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The WTO in Seattle

The World Trade Organisation, trans-national corporations (TNCs) and the governments of advanced industrial countries all agree that free trade is a jolly good thing. Their representatives, such as Stephen Byers, Britain's Trade and Industry Secretary can be regularly heard spouting the usual dogmatic cant such as: "free trade and open commerce are a bringer of opportunity and not a threat".

When the Seattle round of WTO talks stalled in early December, President Bill Clinton announced his intention to "move forward on the path of free trade and economic growth while ensuring a human face is put on the global economy".

No, stop laughing a moment. Clinton really said that. His ilk really believes that global capitalism can have a smiling face and that organisations like the WTO can help bring this about. The representatives of globo-buck really believe that a levelling of the "playing field" would benefit all, poor country as well as rich. This in spite of the fact that many TNCs have incomes greater than the combined GNP of several of the poorest nations on the planet. This in spite of the protectionism that the USA, Japan and the EU don't like to boast about. And this in spite of the fact that the debt burden and related structural adjustment programmes mean that many a developing country is considerably worse off now than 30 years ago.

The umpire helping oversee this state of play, refusing to cry foul, bending the rules to the advantage of the more skilful and experienced player is the WTO. Its remit is so framed as to allow corporate control over every aspect of our lives, be it patent rules that allow the TNCs to monopolise centuries-old remedies and recipes in the developing world, seeds and human genes, indeed everything from drinking water and health and safety to hospitals and schools. Anything deemed an obstacle to the pursuance of profit can be labelled an illegal barrier to free trade.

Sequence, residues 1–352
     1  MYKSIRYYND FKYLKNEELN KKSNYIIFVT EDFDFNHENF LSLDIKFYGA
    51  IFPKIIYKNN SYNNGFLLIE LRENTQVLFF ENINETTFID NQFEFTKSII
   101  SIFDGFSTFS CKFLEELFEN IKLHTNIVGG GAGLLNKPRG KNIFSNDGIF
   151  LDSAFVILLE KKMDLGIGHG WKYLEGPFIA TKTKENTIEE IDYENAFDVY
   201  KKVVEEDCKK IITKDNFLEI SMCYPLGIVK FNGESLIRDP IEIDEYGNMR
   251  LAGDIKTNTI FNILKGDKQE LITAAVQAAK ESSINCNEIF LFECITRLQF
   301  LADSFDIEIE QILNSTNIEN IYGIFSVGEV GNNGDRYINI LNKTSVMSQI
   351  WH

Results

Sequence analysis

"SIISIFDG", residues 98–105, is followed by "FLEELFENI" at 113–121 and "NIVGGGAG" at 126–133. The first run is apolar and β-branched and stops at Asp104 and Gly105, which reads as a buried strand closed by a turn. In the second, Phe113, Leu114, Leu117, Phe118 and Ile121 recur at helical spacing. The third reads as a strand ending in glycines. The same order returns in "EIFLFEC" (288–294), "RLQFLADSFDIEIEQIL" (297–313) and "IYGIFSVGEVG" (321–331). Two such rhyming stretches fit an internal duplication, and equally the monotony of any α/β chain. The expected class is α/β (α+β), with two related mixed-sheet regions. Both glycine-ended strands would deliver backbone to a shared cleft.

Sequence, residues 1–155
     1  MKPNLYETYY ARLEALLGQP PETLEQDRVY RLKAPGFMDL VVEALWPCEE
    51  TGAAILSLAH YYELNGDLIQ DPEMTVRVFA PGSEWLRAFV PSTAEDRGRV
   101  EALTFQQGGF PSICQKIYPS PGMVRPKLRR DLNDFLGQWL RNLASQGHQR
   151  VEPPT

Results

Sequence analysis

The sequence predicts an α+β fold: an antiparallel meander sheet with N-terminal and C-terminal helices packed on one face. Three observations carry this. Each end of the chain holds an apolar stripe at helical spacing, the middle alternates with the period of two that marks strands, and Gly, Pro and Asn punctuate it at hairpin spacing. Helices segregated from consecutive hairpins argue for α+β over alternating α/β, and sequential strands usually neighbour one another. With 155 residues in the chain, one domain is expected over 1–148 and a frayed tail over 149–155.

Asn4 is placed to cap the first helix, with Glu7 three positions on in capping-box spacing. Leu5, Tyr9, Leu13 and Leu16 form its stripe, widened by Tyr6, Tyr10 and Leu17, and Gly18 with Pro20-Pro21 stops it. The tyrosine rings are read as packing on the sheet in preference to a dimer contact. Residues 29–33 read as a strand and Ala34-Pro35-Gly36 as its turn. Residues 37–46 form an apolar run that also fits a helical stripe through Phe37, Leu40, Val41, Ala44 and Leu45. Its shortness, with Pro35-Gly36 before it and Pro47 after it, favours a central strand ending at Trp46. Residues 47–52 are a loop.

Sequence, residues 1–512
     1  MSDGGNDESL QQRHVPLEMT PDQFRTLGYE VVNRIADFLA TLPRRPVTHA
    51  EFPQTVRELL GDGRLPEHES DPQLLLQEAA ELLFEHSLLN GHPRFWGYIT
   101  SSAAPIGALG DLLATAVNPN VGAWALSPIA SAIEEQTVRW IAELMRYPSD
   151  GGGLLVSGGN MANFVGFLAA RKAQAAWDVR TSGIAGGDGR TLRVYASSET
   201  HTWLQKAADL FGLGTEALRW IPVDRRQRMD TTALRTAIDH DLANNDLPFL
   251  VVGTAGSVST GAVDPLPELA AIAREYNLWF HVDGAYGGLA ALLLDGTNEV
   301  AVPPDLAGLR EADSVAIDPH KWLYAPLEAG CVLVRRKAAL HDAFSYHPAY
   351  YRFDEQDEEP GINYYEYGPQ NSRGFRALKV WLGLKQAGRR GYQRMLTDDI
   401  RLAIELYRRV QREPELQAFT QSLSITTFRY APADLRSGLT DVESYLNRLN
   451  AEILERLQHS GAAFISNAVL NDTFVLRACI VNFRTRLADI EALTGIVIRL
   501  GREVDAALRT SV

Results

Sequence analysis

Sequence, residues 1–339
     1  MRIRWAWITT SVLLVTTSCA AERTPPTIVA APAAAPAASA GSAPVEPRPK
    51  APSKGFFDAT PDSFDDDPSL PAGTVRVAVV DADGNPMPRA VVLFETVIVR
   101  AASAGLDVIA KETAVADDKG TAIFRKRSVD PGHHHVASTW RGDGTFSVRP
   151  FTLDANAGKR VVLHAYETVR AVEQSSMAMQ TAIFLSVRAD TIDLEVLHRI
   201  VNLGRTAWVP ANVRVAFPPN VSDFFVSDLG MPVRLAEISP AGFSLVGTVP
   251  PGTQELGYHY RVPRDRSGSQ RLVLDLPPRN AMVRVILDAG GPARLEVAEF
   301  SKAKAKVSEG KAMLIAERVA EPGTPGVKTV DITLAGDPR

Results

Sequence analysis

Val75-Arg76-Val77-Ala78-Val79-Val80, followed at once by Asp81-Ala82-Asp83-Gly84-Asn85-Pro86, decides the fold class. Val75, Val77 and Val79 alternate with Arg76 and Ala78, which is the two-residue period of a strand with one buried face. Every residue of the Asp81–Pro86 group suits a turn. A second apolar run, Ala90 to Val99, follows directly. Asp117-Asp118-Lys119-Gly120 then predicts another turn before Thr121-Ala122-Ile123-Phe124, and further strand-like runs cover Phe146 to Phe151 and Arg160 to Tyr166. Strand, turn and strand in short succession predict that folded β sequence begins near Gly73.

The WTO is the supreme court of international commerce, whose constitution reinforces the rule books of the world's corporate elites. It has a Disputes Settlement Committee—a kind of wealthy man's Star Chamber—which has, time after time, considered barriers to fair trade such concerns as the environment, health and labour rights. It allows TNCs to not only control the fate of national currencies—with governments closely tailoring their economic policies to the interests of the giant multi-nationals—but helps ensure little host government opposition when environments are destroyed (witness Shell in Nigeria, Texaco in Ecuador and Union Carbide in India).

Through the establishment of free trade zones between countries, TNCs are enabled to invest where there are tax concessions and exemption from local labour laws, frequently, because of their non-union policies, taking advantage of low-wage economies with poor health and safety standards. At Seattle many commentators sensed that deals could have been struck, but were scuppered for domestic political reasons, not least because Al Gore is anxious for union support in next year's elections. Moreover, while the US argued for concessions in every field, they were unwilling to offer anything in return.

Whereas decisions were supposed to be reached by consensus, and democratically, the powerful countries dominated the talks. With the US desperate to get the deals they wanted, smaller countries were bullied and sidelined, with reports frequently emerging that delegates from the developing world were being physically refused entry to the negotiating tables.